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Sunday, October 29, 2006

OAC Championships, High School Regionals

Yesterday was the OAC Championships hosted by Heidelberg College. I tried to write a post this morning but Blogger had some problems.

The Site
Tiffin annually hosts one of the nation's largest high school cross country meets, the Tiffin Carnival, at Hedges Boyer Park. I was surprised to find that Heidelberg's home course is not at Hedges Boyer, and in fact the OHSAA regional competition would be going on there at the exact same time!

The course was at Clinton Heights Golf Club. This being D-III, I expected a country club. Instead, I drove up and saw this:
It's rural northwest Ohio, and therefore without pretension. I like it. It obviously had once been a farm; it's mostly flat and open with one creekbed offering a small amount of roll. The course itself is a double loop mostly around the perimeter of the golf course.

The Conditions
They were about as unpleasant as you can get around here. Days of rain had totally saturated the ground. Temperatures were just above 30 with steady 20-25 mph wind. It rained on and off, and at one point we had hail. I would have much preferred everything frozen instead of wet.

The Men's Race

A thread on Let's Run discussed the favorites, but we got a preview three weeks ago at the All-Ohio championships. The polls would have you believe Mount Union was going to win in a walkover, and they did beat Ohio Northern at the All-Ohio meet by 18 points. Heidelberg was next, with the rest of the OAC well in arrears. There would have been little reason to expect otherwise.

Scott Lasch of Heidelberg took an early lead. Here he is at 1 1/2 miles:
Following him, it looked like Mount Union had things well in hand:
The next time I saw them come by, just past 4 miles, things were radically different. Lasch was fallnig back as heavy favorite Jeremy Velliquette of Mt. Union moved up to the front.
More interestingly, Mt. Union's pack had fallen apart, with their fifth man well back, and Ohio Northern's runners were moving up. It looked like their first four runners were doing well enough to hold on to the title, but there was still almost a mile of running left. The title was up for grabs.

At the finish, Velliquette won relatively confortably with ONU's Paul Lewis running very well for second.Heidelberg went 3-4, Mt. Union took 5-6, and then came the Polar Bears with 8-9-11-12, broken up only by Mt. Union in 10th. Two more ONU runners crossed the line before Union's fifth man did.

ONU track coach Brian Cole started adding up the numbers, and had 41 for Mt. Union to 42 for Ohio Northern. XC coach Jason Maus told him to add it again. But it was right, and the Crusaders held on for the narrowest of wins. ONU put seven runners in front of everyone else's fifth, and Cole admitted there was nothing more his men could have done.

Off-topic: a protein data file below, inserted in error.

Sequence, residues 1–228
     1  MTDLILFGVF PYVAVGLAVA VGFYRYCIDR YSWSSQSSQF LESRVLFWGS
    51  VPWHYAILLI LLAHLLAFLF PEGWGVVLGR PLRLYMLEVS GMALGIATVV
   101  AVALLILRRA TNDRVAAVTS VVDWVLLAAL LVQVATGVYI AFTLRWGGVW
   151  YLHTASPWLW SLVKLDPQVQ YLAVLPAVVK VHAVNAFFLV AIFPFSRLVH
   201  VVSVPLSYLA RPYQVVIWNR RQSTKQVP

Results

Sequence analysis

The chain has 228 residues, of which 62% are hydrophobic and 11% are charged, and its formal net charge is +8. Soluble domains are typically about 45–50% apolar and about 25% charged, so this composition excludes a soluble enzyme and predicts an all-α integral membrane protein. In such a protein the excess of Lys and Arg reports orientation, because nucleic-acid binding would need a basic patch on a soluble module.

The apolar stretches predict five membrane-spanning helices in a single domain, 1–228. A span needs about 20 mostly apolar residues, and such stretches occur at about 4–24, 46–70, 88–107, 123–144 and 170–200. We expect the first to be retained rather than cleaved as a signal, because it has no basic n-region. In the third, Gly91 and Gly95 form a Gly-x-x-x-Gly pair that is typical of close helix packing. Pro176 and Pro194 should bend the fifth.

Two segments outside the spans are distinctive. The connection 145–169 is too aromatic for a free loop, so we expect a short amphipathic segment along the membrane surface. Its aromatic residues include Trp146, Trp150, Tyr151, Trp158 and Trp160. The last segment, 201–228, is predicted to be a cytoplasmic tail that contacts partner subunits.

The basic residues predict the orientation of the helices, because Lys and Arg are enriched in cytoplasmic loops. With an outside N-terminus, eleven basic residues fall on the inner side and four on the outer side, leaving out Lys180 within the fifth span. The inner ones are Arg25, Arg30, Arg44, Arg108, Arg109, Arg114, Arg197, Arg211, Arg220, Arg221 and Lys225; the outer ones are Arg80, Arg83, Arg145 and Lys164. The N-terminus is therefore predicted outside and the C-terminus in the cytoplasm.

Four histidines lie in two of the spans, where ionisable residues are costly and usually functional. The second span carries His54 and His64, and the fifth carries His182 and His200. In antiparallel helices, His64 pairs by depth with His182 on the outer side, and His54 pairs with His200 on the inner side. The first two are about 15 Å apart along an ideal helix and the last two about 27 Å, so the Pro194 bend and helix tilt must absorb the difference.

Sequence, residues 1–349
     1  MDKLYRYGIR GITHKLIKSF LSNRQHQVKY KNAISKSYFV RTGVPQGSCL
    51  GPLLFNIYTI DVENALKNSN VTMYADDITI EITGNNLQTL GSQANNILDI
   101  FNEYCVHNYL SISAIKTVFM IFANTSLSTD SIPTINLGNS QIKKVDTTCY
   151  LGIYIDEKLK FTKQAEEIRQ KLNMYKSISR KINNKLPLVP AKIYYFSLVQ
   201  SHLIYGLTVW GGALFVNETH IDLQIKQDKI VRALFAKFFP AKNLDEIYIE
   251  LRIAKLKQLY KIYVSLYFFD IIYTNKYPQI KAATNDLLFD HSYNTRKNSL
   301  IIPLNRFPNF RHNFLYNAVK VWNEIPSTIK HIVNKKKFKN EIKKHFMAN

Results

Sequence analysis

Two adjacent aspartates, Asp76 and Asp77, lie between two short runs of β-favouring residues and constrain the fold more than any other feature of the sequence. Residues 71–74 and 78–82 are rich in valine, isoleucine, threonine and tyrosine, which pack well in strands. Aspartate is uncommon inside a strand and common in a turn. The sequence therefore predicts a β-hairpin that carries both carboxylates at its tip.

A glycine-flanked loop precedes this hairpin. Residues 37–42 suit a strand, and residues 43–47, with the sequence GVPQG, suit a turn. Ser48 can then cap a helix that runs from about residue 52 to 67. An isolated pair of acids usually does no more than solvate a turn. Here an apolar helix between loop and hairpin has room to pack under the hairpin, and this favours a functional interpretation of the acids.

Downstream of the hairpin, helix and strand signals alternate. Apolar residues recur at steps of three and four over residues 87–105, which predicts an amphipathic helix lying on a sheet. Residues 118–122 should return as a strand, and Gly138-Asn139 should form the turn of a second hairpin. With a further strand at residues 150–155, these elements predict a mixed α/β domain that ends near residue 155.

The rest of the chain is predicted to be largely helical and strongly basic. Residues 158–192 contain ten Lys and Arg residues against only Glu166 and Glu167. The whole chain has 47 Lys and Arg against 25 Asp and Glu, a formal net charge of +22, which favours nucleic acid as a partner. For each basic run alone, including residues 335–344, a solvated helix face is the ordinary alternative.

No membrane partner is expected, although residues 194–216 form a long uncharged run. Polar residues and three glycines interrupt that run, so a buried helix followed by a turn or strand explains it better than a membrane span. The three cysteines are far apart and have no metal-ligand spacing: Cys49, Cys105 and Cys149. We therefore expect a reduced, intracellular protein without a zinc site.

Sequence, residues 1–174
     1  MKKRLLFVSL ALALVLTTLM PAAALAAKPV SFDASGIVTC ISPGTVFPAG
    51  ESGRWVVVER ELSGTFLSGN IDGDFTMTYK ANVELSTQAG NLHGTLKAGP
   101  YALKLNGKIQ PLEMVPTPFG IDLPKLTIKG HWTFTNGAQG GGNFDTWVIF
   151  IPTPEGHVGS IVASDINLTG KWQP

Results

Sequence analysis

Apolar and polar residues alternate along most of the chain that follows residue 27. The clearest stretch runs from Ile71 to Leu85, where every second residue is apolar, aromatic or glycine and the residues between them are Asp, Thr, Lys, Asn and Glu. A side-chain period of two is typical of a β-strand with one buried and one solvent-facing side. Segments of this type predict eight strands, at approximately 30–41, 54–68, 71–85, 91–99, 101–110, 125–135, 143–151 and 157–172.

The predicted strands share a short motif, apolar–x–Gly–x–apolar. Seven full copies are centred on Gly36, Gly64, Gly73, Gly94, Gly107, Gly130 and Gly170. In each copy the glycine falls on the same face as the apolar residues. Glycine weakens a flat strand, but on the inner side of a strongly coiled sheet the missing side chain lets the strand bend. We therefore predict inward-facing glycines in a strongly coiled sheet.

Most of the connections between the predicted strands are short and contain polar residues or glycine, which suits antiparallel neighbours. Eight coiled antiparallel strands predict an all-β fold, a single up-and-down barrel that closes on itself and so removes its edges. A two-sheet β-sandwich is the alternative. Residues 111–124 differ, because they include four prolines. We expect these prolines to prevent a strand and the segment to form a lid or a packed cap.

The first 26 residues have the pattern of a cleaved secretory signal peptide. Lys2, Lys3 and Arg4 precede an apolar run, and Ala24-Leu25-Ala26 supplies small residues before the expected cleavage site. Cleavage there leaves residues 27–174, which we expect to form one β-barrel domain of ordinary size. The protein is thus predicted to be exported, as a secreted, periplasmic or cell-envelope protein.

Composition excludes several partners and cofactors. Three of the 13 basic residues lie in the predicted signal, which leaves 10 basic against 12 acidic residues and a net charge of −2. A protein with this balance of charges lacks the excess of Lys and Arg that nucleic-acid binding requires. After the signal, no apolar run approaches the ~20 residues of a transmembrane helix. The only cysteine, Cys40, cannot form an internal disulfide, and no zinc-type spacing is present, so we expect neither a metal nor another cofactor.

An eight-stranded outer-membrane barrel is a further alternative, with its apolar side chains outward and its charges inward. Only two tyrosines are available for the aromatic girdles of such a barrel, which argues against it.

The Women's Race
As eventful and unpredictable as the men's race was, the women's was just the opposite. ONU was a heavy favorite and their title was never in any real doubt. Somewhat surprising was how the individual title played out, as Otterbein's Melinda Keesee took an early lead and was never pressed. Three weeks ago at All-Ohio, ONU's Darci Walthew was easily the top D-III runner, handily beating Keesee.
The difference? I don't thik it's a briliant job of peaking by Otterbein's coach and a poor one by ONU's, but rather succombing to the elements. Walthew is what Lydiard called a "driver", a muscular and powerful runner who pushes off the gound very hard rather than seeming to float over it. Such runners do well on the track or road, but are severely hampered on soft surfaces. Yesterday's race was through deep mud, and Walthew's strength could not be put to use.

The High School Meet
I hightailed it across town to see what remained of the high school regionals. The upset of the day was in the Division I girl's race. Bowling Green High School is the two-time defending state champions, ranked #1 in the state, and were not expected to be challenged at all yesterday. They finished third and were a mere 14 points away from being eliminated from state competition. #4 runner Shannon Titus was resting a sore leg (and strangely, she was not replaced as the Bobcats only ran six girls), but even with her in the mix they would barely have won the title over an unranked team. Things do not look good for a third consecutive state title.

The story of the day, however, was in a race I missed. Local runner Corey Johnson of Eastwood High School was a shoo-in to qualify to the state meet. That was before Monday, when he suffered a "severe injury" to his left thumb in an Industrial Arts class. (No real details were given, but reading between the lines it appears very bad.) On Wednesday he underwent surgery on the thumb and on Friday tried to run but the pain almost knocked him off his feet. He ran in yesterday's deplorable conditions and was nearly taken away in an ambulance.
He finished the race. Three places shy of a state berth. We wish him well on his recovery, and we know he will be a great collegiate runner.

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